Iraq has agreed to extend the American exhibition of Jewish artifacts that are controversially slated to return to the Middle Eastern country.
The U.S. National Archives and the New York-based Museum of Jewish Heritage had been displaying some of the 2,700 Jewish books and ancient documents that were recovered in the basement of the Iraqi intelligence ministry (Mukhabarat) during the U.S. invasion of Iraq in 2003. The artifacts were set to return to Iraq in June.
Iraqi Ambassador to the U.S. Lukman Faily said in a statement Wednesday that Iraq “has authorized me to extend the period which the exhibit may remain in the United States.” The exhibit “has led to an increase of understanding between Iraq and United States and a greater recognition of the diverse heritage of Iraq,” he said.
“We look forward to completing the technical aspects of this extension with the Government of the United States within the coming days. Items which were among the material brought to the United States that are not part of the exhibit will return to Iraq in the very near future, as originally agreed,” said Faily.
According to an agreement the U.S. signed with Iraqi authorities in 2003, the collection-which became known as the Iraqi Jewish Archive-was pegged to return to the Iraqi government upon the completion of its restoration in America. But the Iraqi Jewish community says Saddam Hussein’s government originally confiscated the materials from a synagogue in 1984. Jewish organizations and some U.S. legislators have been lobbying to find a solution that prevents the archive from returning to Iraq.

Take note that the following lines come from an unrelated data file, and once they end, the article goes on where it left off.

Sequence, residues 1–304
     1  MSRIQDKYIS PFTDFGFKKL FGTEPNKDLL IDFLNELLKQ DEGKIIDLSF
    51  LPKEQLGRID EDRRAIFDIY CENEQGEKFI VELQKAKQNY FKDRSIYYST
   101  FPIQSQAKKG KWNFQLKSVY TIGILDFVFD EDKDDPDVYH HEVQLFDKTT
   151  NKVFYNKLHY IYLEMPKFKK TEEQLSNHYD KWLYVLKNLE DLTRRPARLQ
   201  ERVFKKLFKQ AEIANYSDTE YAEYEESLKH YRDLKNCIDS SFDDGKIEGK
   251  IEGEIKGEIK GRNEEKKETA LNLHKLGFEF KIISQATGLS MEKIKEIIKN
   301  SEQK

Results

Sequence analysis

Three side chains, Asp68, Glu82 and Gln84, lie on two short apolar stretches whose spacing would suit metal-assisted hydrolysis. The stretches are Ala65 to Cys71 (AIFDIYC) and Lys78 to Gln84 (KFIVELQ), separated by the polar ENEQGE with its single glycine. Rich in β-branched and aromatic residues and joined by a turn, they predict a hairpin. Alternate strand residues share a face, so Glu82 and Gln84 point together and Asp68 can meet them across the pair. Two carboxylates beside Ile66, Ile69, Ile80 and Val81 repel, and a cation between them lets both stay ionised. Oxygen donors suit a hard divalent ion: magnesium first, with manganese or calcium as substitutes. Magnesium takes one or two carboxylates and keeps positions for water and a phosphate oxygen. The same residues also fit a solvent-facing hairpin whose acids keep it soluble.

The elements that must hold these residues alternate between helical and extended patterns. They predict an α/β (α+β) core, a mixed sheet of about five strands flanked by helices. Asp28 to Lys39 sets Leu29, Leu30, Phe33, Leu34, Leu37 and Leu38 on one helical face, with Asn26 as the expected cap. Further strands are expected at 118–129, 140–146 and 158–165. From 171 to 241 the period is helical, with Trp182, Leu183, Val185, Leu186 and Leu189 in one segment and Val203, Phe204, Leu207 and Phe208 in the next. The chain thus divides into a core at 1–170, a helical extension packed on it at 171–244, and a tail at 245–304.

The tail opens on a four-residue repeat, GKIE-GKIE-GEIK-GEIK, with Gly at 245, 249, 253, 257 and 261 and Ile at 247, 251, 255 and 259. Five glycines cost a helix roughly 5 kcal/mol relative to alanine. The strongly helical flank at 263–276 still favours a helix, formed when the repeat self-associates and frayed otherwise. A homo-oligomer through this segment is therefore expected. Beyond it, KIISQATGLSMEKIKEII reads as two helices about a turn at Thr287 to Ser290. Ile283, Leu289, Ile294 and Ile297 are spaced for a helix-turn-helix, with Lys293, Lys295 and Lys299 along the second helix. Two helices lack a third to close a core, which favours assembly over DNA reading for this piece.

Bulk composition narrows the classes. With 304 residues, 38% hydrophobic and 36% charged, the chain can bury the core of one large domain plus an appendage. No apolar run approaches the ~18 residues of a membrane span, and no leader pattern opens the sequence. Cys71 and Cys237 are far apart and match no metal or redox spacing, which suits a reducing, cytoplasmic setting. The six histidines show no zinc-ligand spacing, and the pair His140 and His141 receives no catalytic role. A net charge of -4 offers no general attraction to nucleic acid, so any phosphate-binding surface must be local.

The Orthodox Union (OU) welcomed Faily’s announcement of the exhibit’s extension, but said its work on the issue of the archive’s final destination isn’t done.
“The historical and religious value of the Iraqi Jewish Archive materials compel us to ensure that the archive should remain in the United States where it will be easily accessible to all, particularly the Iraqi Jewish community now living in diaspora around the world,” said Nathan Diament, OU’s executive director for public policy. “We will continue to advocate for an appropriate long-term solution for these materials.”
Rabbi Andrew Baker, the American Jewish Committee’s director of international Jewish affairs, said, “Extending the exhibit’s schedule and making it available to other American communities will benefit all who have interest in the history of Iraq’s Jews.”